I have tons of memes saved to my camera roll, and they really capture how creative the Internet can be. It was pretty cool to see what people were coming up with, and how many people could relate to my sleepiness! The support and humor from Bachelor Nation have helped me to not take myself too seriously and I’m glad my experience is relatable to at least some people!

ALM: You are 100 percent relatable, I can’t imagine the anxiety I’d get having basically a first date with someone I like in front of a camera crew, knowing it’d be broadcast to the whole country! But anyway, I also wanted to ask another thing that I’ve asked all the Bachelor/Bachelorette Asian contestants I’ve spoken to before: What did your Asian parent think about you being on the show when you told them you were gonna be casted? I’ve always been intrigued to know because I know my Asian parents would be confused, concerned, and judgmental of me!
WR: I love this question! When I told my parents, especially with my mom being Japanese and neither having seen the show, their reactions were quite interesting. My sister had to explain to them how the show worked, and like almost everything else in my life, my parents were in full support!

My parents met in an untraditional way, so they were open to the idea of me exploring different avenues to find love. They were in full support of me giving the show a try and trusted that I wouldn't make a fool of myself…maybe an oversight on their part! Having their support meant a lot to me and their trust and openness definitely made a significant impact on my experience.

My parents met in an untraditional way, so they were open to the idea of me exploring different avenues to find love. They were in full support of me giving the show a try and trusted that I wouldn't make a fool of myself…maybe an oversight on their part!

ALM: Well, I’m glad you did end up going on the show. But with your time coming to an end and that elimination becoming a part of your legacy on the show, I’d also like to know, what’s something about yourself you feel the show didn’t get to portray about you? On the surface level, a regular viewer who didn’t look up your social media or speak with you would see that you’re just an incredibly hot guy who gets a lil sleepy sometimes—but what more is there about you that you’d like viewers at home to know about you?
WR: I appreciate the compliment! I guess I'll have to start accepting that from now on that I’ll be known as the “sleepy guy from The Bachelorette.”

But one aspect that I feel the show didn't capture, and even completely turned 180 degrees, is my ability to hold a conversation and connect with people on a deeper level. Talking about myself in such an intimate setting, but also in front of a bunch of cameras and knowing the size of the audience, was super intimidating. I wish I had been able to be more comfortable in that setting and show that I can actually have a good conversation. I promise I’m not typically as awkward as the show portrayed!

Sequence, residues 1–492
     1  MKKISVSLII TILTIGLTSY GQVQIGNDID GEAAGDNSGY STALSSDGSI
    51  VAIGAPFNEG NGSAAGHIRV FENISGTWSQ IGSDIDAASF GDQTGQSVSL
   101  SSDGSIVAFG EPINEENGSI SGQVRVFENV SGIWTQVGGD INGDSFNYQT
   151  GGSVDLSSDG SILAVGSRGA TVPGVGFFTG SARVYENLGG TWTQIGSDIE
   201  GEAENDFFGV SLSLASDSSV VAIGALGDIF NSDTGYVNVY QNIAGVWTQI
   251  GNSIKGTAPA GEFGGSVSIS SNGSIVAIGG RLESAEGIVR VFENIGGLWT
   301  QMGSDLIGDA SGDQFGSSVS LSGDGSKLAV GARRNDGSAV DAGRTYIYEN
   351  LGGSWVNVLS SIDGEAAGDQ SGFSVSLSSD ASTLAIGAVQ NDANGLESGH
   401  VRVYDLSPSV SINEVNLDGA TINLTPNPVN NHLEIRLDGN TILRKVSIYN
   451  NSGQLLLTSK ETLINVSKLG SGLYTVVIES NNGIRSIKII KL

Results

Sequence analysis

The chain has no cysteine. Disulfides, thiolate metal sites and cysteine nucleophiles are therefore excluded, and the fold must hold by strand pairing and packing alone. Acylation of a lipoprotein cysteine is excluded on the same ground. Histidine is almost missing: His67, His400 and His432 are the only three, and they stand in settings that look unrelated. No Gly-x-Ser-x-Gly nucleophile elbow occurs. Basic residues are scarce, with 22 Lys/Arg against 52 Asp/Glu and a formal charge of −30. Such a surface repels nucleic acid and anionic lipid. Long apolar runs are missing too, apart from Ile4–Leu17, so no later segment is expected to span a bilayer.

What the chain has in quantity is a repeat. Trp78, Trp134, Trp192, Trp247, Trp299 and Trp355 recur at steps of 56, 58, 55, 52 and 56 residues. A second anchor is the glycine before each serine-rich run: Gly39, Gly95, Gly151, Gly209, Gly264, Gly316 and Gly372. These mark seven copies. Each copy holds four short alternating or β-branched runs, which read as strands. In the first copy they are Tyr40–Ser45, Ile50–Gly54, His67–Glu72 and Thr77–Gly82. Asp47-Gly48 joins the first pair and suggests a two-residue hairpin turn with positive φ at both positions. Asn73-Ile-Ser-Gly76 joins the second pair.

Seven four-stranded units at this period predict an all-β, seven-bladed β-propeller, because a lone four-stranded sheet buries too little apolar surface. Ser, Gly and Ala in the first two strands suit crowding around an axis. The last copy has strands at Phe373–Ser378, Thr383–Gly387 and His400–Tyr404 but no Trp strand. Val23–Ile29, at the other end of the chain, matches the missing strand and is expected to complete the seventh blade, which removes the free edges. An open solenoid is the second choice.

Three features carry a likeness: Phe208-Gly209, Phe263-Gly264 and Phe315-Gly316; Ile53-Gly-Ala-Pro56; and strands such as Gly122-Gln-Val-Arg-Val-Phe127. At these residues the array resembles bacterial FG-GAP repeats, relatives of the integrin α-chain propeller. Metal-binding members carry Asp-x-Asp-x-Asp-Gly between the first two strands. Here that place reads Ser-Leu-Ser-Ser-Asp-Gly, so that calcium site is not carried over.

I hope that the show’s fans can recognize that behind the sleepiness, there is a person who values authentic connections and can have fun on a date—just only if it ends before 9 p.m.!

ALM: People really do forget that this is a television show and I bet you all had such long filming days in so many different locations! I’d get sleepy too, for sure. But, for a final question, although your time was cut short—and I personally feel like you deserved so much more time—what do you think this has taught you about yourself, about love, etc.?
WR: I really appreciate that, but I genuinely believe that everything happened for the best! The end goal of the show was for Charity to find her best match, and as we all could see, I wasn't the right fit for her. It was important for me to recognize that and not prolong the process or waste anyone's time. Although my time was cut short, I trust that it was the right decision.

Being on the show has taught me so much about who I am in a romantic relationship. One of my main takeaways was the importance of improving the way I communicate my feelings, no matter what situation I’m in. As someone who tends to internalize issues, I realized that openly communicating my emotions, even in tough situations, is essential to foster a healthy and strong connection. 

And I learned that amusement parks make me tired, I have to take a nap before I go on a date, and that I must start drinking energy drinks!

Published on July 25, 2023

Words by Andre Lawes Menchavez

Andre Lawes Menchavez (he/him) is a Filipinx, Indigenous and queer community organizer who uses journalism as a tool of activism, constantly seeking to lift up marginalized communities through his work. He received his bachelor of arts degree in law, societies and justice at the University of Washington and his master of arts in specialized journalism—with a focus in race and social justice reporting—from the University of Southern California. Find him on Instagram at @itsjustdrey.